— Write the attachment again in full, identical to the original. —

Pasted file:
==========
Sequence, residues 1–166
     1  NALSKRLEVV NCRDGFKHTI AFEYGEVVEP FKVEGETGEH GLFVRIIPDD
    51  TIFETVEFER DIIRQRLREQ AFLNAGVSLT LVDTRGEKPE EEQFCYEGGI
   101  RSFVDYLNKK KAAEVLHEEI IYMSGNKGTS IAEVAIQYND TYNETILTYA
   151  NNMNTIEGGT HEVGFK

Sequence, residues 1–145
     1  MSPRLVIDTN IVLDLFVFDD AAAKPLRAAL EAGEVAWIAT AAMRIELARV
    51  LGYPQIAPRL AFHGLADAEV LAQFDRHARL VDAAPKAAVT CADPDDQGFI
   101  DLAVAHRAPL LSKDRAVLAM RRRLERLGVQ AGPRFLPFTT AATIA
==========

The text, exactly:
Sequence, residues 1–166
     1  NALSKRLEVV NCRDGFKHTI AFEYGEVVEP FKVEGETGEH GLFVRIIPDD
    51  TIFETVEFER DIIRQRLREQ AFLNAGVSLT LVDTRGEKPE EEQFCYEGGI
   101  RSFVDYLNKK KAAEVLHEEI IYMSGNKGTS IAEVAIQYND TYNETILTYA
   151  NNMNTIEGGT HEVGFK

Sequence, residues 1–145
     1  MSPRLVIDTN IVLDLFVFDD AAAKPLRAAL EAGEVAWIAT AAMRIELARV
    51  LGYPQIAPRL AFHGLADAEV LAQFDRHARL VDAAPKAAVT CADPDDQGFI
   101  DLAVAHRAPL LSKDRAVLAM RRRLERLGVQ AGPRFLPFTT AATIA